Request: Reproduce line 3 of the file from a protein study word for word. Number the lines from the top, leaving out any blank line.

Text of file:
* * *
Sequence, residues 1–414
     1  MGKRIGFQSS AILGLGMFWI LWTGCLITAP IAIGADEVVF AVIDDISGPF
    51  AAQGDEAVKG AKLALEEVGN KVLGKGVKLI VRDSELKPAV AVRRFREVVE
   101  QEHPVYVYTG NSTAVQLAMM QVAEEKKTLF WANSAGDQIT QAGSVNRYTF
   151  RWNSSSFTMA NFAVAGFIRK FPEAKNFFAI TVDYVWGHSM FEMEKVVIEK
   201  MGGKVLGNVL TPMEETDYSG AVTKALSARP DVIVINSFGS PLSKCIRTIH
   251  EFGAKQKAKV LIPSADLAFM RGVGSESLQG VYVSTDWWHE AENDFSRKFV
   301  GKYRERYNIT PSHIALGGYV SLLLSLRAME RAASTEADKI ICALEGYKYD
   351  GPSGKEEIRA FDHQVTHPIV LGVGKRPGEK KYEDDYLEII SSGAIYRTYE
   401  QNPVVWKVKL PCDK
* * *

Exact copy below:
    51  AAQGDEAVKG AKLALEEVGN KVLGKGVKLI VRDSELKPAV AVRRFREVVE